With that, it was airborne and off to the Belize Defense Force airwing in Ladyville, where the very suspicious aircraft remains under guard.

As we reported last night, the plane landed at the Municipal at about 5:40 am on Tuesday morning.

The airstrip was closed, but there’s no security, so the pilot simply parked the plane in front of the hangar, and skipped out into a waiting vehicle.

 Best reports tell police he was unaccompanied and only carried a knapsack.

Police do not know what was on the plane – but after a search by the canine unit, they are certain it was not drugs. Also, the plane was not equipped for long flights typical of drug planes. So what was the cargo?

Well, whatever it was it had to be more valuable than the aircraft – which was abandoned – so it was either money, or someone who had to disappear immediately.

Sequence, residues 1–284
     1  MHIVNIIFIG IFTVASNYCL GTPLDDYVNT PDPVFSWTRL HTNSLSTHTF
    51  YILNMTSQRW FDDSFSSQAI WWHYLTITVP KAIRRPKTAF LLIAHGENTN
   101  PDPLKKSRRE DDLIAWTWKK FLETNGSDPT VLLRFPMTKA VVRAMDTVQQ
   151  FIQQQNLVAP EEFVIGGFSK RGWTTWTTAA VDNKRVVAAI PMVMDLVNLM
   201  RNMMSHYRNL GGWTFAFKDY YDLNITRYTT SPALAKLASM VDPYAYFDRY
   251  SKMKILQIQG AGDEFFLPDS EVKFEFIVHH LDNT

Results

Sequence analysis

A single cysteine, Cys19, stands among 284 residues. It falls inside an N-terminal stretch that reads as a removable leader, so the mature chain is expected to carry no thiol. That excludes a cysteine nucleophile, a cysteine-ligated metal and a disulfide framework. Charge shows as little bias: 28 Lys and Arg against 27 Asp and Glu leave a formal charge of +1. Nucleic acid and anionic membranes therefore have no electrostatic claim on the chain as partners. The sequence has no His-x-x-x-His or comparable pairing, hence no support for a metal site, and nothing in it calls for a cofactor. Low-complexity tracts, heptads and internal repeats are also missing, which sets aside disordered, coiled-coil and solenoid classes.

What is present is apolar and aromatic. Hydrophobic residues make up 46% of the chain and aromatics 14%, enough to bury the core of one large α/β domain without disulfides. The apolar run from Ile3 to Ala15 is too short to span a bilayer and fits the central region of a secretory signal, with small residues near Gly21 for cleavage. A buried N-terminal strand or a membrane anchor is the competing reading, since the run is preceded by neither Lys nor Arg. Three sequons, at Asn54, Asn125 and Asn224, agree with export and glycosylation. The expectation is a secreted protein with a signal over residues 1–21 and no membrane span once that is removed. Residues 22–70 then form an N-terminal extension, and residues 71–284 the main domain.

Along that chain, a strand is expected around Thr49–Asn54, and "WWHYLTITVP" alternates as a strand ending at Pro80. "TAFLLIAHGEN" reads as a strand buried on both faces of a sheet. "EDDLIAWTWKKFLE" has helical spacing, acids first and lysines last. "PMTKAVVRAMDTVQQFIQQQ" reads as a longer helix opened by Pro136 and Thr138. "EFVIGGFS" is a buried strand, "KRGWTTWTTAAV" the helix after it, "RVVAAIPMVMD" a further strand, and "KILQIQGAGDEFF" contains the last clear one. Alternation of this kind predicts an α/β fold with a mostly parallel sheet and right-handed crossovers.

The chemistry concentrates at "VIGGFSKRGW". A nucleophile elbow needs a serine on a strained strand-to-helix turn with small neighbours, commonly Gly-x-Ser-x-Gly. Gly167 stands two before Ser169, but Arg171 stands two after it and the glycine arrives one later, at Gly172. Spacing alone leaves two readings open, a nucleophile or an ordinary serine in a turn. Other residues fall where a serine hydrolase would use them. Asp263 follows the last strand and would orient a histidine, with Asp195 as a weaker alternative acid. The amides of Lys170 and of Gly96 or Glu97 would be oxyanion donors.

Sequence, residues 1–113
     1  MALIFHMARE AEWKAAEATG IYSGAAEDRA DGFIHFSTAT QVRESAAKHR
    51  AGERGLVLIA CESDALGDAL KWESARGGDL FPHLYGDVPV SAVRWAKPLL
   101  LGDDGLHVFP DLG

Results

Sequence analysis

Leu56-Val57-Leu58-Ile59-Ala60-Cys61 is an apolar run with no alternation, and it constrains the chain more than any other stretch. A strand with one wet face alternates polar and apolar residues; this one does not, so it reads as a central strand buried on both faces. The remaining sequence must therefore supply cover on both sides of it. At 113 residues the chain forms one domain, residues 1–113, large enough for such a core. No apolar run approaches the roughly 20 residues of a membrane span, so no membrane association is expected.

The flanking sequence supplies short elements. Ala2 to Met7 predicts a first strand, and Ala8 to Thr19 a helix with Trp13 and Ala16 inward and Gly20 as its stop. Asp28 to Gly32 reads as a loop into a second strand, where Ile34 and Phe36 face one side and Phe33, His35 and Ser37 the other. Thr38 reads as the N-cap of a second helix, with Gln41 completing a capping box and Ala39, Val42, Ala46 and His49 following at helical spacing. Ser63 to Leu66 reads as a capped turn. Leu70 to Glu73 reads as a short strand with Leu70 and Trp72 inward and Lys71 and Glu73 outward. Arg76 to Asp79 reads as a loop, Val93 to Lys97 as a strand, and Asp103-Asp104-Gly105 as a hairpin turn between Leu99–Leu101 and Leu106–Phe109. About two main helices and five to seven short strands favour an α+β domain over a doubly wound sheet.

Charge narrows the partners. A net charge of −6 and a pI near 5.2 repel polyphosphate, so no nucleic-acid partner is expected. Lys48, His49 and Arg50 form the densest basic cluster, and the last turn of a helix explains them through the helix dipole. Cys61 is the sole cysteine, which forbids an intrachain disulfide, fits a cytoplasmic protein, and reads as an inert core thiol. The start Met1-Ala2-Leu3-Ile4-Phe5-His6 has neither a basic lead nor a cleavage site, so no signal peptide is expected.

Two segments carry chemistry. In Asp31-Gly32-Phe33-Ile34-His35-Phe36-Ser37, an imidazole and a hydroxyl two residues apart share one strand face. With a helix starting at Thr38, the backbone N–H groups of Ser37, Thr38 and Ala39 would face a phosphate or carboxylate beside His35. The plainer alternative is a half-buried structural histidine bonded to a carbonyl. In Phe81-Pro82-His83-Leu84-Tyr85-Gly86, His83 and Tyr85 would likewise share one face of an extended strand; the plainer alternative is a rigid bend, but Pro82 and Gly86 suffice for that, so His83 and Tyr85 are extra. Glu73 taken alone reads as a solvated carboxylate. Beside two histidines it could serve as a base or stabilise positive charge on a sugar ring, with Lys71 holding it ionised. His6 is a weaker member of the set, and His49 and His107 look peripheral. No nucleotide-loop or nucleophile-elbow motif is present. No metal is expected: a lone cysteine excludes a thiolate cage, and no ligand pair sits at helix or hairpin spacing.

Still, tonight there are more questions than answers and we are told that the owner of the registered plane is in the United States – so police don’t know who was flying his plane. 

Interestingly, the plane had been booked to land in Belize from Aruba on Sunday October 25th.

But it would have had to land at the Philip Goldson International Airport – not the municipal.

It’s illegal to land in Belize without first having lodged a flight plan, and all flights must first land at the PGIA to face Customs and Immigration.

We do know that police are following some leads based on information that some unusual characters were seen in the usually deserted area at the time the plane landed.

- Source:

The Belize Defense Force is in possession of small plane which made an unauthorized landing at the Belize City Municipal Airport on Tuesday, at around 5:30 a.m. 

The police department is investigating why the pilot landed the aircraft and abandoned it before the airstrip opened, and without the proper permission. 

The plane, a United States registered, Piper PA-34 Seneca, had flown out of Belize on Thursday, October 22nd, on its way to Aruba.